Background: Melanocortin 4 receptor (MC4R) deficiency, caused by mutations in MC4R, is the most common cause of monogenic forms of obesity. However, these mutations have often been identified in small-scale, case-focused studies. Here, we assess the penetrance of previously reported MC4R mutations at a population level. Furthermore, we examine why some carriers of pathogenic mutations remain of normal weight, to gain insight into the mechanisms that control body weight.
Methods and findings: We identified 59 known obesity-increasing mutations in MC4R from the Human Gene Mutation Database (HGMD) and Clinvar. We assessed their penetrance and effect on obesity (body mass index [BMI] ≥ 30 kg/m2) in >450,000 individuals (age 40-69 years) of the UK Biobank, a population-based cohort study. Of these 59 mutations, only 11 had moderate-to-high penetrance and increased the odds of obesity by more than 2-fold. We subsequently focused on these 11 mutations and examined differences between carriers of normal weight and carriers with obesity. Twenty-eight of the 182 carriers of these 11 mutations were of normal weight. Body composition of carriers of normal weight was similar to noncarriers of normal weight, whereas among individuals with obesity, carriers had a somewhat higher BMI than noncarriers (1.44 ± 0.07 standard deviation scores [SDSs] ± standard error [SE] versus 1.29 ± 0.001, P = 0.03), because of greater lean mass (1.44 ± 0.09 versus 1.15 ± 0.002, P = 0.002). Carriers of normal weight more often reported that, already at age 10 years, their body size was below average or average (72%) compared with carriers with obesity (48%) (P = 0.01). To assess the polygenic contribution to body weight in carriers of normal weight and carriers with obesity, we calculated a genome-wide polygenic risk score for BMI (PRSBMI). The PRSBMI of carriers of normal weight (PRSBMI = -0.64 ± 0.18) was significantly lower than of carriers with obesity (0.40 ± 0.11; P = 1.7 × 10-6), and tended to be lower than that of noncarriers of normal weight (-0.29 ± 0.003; P = 0.05). Among carriers, those with a low PRSBMI (bottom quartile) have an approximately 5-kg/m2 lower BMI (approximately 14 kg of body weight for a 1.7-m-tall person) than those with a high PRS (top quartile). Because the UK Biobank population is healthier than the general population in the United Kingdom, penetrance may have been somewhat underestimated.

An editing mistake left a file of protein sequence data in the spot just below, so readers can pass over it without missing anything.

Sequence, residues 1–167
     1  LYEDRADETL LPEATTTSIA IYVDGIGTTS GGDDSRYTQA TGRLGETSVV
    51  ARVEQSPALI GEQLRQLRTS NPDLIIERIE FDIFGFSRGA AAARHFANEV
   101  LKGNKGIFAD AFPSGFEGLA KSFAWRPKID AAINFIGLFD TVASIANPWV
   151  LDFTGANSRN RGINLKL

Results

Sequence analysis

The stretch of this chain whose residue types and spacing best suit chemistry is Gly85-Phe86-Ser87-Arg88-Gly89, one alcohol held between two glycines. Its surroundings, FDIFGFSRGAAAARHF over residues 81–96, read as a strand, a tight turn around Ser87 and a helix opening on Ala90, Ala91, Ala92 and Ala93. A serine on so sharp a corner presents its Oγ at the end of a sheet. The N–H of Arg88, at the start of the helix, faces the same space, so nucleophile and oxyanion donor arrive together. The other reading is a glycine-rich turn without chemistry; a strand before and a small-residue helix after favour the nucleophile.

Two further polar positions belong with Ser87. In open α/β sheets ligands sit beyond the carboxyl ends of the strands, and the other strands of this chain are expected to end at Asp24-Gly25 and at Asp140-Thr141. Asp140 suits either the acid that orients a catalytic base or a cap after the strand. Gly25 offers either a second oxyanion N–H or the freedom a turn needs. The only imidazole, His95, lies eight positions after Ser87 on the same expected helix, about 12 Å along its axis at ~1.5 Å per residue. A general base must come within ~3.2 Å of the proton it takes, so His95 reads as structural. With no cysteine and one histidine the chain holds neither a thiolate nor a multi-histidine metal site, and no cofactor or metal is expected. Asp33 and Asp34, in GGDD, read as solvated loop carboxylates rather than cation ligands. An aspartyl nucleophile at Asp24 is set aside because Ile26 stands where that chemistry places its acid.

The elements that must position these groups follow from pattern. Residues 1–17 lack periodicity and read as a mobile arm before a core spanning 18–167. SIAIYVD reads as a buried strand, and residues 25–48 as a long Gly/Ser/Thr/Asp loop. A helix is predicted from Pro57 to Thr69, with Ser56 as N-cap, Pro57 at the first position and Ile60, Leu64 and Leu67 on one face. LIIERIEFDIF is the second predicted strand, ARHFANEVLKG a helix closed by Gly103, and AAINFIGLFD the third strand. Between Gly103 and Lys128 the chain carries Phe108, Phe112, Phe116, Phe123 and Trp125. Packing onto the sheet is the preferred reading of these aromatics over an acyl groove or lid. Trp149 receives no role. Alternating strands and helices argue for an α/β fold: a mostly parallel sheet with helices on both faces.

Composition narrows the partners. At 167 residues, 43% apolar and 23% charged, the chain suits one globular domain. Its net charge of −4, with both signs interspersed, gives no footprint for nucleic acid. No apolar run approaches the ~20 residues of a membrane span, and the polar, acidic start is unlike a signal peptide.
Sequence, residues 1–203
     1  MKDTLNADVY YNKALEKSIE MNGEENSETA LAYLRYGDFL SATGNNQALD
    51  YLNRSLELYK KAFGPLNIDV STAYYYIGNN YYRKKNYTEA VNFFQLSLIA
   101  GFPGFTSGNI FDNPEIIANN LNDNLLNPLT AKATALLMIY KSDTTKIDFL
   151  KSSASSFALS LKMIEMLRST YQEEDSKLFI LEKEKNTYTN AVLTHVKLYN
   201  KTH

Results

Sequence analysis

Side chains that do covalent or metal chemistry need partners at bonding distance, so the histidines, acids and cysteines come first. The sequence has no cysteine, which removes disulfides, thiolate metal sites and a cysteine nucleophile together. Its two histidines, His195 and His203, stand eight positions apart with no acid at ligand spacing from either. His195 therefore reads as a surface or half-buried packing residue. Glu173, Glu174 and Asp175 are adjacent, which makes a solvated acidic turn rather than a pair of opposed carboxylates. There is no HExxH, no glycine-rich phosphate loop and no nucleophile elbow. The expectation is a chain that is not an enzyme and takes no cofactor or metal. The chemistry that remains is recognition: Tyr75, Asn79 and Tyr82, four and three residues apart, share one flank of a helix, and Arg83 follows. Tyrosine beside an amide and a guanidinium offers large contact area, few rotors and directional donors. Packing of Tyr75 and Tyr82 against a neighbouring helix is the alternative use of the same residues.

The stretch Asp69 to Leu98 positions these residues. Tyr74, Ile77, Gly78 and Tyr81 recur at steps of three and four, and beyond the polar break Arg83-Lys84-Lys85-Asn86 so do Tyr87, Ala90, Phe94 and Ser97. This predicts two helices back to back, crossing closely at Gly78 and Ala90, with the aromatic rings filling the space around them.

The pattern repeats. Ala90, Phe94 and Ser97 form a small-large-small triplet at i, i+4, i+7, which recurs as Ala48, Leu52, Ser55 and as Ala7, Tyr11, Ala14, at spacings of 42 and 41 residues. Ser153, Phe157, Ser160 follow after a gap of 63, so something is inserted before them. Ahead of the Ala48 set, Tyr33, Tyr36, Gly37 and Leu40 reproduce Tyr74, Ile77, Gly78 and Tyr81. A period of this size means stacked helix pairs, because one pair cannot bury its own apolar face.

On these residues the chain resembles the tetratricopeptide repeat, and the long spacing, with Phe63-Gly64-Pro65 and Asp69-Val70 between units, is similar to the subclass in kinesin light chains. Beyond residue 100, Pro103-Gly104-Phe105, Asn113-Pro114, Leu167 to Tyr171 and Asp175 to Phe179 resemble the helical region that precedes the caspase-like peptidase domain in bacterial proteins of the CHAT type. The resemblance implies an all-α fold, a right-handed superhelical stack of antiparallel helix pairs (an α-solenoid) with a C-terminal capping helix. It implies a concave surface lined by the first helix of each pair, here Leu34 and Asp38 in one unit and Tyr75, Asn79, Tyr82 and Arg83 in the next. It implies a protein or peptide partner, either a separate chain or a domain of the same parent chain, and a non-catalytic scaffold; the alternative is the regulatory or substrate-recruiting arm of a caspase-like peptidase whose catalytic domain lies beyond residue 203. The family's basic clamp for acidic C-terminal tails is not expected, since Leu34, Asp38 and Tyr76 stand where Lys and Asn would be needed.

Conclusions: We showed that large-scale data are needed to validate the impact of mutations observed in small-scale and case-focused studies. Furthermore, we observed that despite the key role of MC4R in obesity, the effects of pathogenic MC4R mutations may be countered, at least in part, by a low polygenic risk potentially representing other innate mechanisms implicated in body weight regulation.